If you are used to baking cheesecake, you will be familiar with the way we bake this bread: hot at first, then low and steady through the end. Finally, the bread is cooled in the oven (that has been turned off) to avoid drastic temperature changes that can affect the cheese center.
Our Pasca Recipe
We love the fluffy bread and the sweet cheese filling of this pasca. It’s hard to tell where the soft bread starts and the cheese filling ends, until you take a bite and are greeted with the unmistakable sweet and smooth texture.
This is a stunning recipe that is definitely worthy of an Easter table!
Yield: 1 (10 inch) loaf
- 6 oz ricotta cheese or farmer’s cheese
- ¼ cup sugar
- 2 eggs
- 1 Tbsp unbleached all purpose flour
- ¼ tsp pure vanilla extract
- Pinch salt
- ¼ c raisins
- In a large bowl, mix together 1 ½ cup of flour, warm milk, sugar, and yeast. Cover the mixture and place it in a warm place for 25-30 minutes, until bubbly.
- Separate ONE of the eggs, placing the whites in a separate bowl and setting it aside. (We will use this later to brush the bread before it goes into the oven.)
- Once the flour and yeast mixture is nice and bubbly, mix in the 2 eggs and one egg yolk. Add 2 ½ c of flour, the soft butter, vanilla, and salt. Mix until the dough starts to come together. Then, turn the dough out onto a lightly floured surface and knead it until it is smooth and elastic, 8-10 minutes, adding only as much of the remaining 1 cup of flour as is necessary to keep it from sticking to your hands. (Alternately, you can mix the dough in the bowl of a stand mixer fitted with a dough hook for 2-3 minutes, until it is smooth and elastic, adding flour as necessary to keep it from sticking to the sides of the bowl.)
- Place the dough into a clean, well greased bowl and cover it with a damp tea towel. Let the dough rise in a warm, draft free place until it has roughly tripled in bulk, 2 hours.
- Once the dough has risen, turn it out onto a lightly floured surface and knead it a few times. Divide the dough in half.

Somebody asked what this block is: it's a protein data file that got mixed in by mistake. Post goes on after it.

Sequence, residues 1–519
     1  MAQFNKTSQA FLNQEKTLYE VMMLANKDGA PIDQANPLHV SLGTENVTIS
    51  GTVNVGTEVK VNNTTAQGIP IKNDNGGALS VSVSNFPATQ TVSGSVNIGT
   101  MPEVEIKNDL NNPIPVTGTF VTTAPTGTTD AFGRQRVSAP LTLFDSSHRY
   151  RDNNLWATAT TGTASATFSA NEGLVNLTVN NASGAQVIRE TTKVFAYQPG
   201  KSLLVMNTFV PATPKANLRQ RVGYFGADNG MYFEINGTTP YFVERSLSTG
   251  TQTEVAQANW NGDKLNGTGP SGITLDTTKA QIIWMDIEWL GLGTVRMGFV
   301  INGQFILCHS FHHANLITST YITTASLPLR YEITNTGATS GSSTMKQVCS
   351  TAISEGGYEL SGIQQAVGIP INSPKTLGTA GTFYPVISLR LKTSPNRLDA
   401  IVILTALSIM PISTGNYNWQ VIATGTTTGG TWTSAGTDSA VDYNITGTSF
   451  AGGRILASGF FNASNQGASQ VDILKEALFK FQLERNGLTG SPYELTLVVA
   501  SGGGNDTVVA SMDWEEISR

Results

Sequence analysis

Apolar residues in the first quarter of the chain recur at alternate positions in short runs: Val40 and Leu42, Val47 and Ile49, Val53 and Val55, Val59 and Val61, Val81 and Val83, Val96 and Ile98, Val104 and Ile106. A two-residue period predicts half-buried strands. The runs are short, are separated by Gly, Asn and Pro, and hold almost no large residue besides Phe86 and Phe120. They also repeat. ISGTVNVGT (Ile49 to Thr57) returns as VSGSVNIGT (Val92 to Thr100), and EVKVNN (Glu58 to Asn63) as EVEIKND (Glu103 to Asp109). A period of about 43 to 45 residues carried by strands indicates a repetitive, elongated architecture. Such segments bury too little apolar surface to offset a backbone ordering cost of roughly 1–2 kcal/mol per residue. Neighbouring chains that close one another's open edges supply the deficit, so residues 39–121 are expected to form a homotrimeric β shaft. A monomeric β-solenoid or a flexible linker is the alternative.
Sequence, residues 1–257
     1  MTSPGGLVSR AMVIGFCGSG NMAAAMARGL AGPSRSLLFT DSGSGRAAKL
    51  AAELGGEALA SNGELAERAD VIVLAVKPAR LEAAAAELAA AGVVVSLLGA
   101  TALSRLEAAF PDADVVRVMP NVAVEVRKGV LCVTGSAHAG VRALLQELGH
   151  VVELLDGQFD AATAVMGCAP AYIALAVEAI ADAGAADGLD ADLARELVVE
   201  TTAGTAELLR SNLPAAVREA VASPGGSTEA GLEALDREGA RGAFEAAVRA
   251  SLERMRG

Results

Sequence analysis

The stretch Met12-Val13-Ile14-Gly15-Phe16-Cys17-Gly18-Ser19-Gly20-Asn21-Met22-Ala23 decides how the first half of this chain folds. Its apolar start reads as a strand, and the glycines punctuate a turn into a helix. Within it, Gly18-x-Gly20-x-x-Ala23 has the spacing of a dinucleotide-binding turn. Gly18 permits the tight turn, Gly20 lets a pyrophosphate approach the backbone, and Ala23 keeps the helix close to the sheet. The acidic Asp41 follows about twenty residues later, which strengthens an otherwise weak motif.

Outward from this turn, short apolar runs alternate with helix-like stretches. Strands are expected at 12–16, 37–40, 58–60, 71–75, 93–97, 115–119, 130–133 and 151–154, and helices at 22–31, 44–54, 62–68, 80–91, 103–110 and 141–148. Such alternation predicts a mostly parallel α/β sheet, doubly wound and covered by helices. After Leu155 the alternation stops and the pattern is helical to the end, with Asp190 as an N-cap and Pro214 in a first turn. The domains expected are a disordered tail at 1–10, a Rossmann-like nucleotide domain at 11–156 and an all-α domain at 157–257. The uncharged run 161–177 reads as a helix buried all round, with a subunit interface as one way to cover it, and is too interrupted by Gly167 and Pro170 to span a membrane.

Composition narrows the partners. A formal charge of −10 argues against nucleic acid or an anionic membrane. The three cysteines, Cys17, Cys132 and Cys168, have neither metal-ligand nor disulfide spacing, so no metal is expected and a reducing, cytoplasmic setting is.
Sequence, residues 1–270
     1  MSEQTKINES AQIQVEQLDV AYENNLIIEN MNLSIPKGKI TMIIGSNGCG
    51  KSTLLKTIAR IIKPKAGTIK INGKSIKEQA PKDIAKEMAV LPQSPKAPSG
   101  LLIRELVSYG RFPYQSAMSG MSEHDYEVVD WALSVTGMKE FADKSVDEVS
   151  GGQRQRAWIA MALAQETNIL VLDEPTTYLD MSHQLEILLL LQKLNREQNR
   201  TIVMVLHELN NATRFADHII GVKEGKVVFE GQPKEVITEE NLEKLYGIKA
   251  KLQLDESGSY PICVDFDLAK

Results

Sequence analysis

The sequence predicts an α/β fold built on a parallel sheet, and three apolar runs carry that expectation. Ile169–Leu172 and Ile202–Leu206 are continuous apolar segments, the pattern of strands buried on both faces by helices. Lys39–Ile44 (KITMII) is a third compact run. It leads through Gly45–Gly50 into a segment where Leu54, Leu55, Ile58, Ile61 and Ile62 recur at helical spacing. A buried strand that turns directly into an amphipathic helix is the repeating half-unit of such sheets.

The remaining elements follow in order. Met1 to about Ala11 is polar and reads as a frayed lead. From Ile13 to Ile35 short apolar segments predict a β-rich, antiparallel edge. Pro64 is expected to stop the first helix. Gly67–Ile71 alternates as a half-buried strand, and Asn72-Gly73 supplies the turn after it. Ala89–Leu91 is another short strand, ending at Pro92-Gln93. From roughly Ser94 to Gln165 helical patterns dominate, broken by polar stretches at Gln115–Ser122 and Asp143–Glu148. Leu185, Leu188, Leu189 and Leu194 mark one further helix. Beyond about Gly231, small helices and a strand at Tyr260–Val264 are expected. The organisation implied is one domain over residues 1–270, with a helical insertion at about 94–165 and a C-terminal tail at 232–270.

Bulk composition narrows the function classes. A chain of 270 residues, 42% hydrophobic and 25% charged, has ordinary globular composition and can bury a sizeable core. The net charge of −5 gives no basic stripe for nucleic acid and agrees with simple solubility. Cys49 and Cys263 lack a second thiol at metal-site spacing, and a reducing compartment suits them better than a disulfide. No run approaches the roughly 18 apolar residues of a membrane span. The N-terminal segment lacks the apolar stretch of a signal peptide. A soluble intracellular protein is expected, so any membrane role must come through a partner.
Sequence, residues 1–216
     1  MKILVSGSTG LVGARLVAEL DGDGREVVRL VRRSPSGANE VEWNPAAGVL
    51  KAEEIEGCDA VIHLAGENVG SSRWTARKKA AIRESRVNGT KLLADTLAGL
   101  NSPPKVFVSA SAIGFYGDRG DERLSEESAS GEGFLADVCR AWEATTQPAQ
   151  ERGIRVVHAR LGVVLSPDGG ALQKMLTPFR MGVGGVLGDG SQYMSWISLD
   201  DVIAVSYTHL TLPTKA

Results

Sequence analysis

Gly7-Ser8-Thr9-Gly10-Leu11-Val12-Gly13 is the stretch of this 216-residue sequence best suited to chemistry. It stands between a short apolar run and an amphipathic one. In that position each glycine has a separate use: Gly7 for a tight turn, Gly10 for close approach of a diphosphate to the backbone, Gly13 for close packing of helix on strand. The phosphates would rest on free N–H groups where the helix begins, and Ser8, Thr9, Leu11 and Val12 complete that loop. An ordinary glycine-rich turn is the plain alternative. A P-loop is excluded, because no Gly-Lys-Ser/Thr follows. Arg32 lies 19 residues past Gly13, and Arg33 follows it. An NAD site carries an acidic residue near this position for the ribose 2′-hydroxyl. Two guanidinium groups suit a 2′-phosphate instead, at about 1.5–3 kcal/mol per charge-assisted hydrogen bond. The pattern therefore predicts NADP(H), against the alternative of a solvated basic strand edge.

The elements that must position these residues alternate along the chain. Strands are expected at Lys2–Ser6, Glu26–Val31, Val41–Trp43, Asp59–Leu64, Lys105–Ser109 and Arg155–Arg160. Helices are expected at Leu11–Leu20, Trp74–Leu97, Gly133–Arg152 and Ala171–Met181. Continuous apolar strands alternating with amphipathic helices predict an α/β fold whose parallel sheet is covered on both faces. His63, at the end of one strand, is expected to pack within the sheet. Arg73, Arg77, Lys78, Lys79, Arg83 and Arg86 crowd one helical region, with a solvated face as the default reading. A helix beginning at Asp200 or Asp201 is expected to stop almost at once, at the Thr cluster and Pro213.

- Press one half of the dough into the bottom of a well-buttered 9 ½ or 10 inch spring-form pan.
- Divide the other half of the dough into three even pieces and roll them into thin ropes, about 2 feet long. Press one end of each of the ropes together and braid the ropes gently. Arrange the braid into a ring, connecting the two ends. Stretch the braided ring gently and place it into the spring-form pan along the outside edge of the pan.
- Cover the spring-form pan with your damp tea towel and let the dough rise again in a warm, draft free place until doubled in bulk, roughly 30-40 minutes.
- Preheat the oven to 375F.
- While the dough is rising, make the cheese filling by beating all of the filling ingredients (except the raisins) together with an electric hand mixer, until smooth and pour-able. Gently stir in the raisins.
- In the small bowl with 1 reserved egg white, add 1 tsp water. Mix the egg whites and water together and brush the dough with the egg whites once it has risen.
- Then, pour the cheese filling into the middle of the braided circle. (Only pour enough in to fill the cavity, do not let it run over.)
Bake the bread at 375F for 15 min. Reduce the heat to 325F and bake for an additional 40 minutes, until the bread is nice and golden and the center is set, but still jiggles slightly.
- Turn off the oven and let the bread cool in the oven for 1 hour with the door shut.
- After cooling 1 hour, remove the bread from the oven and serve or let cool completely on a wire rack before serving.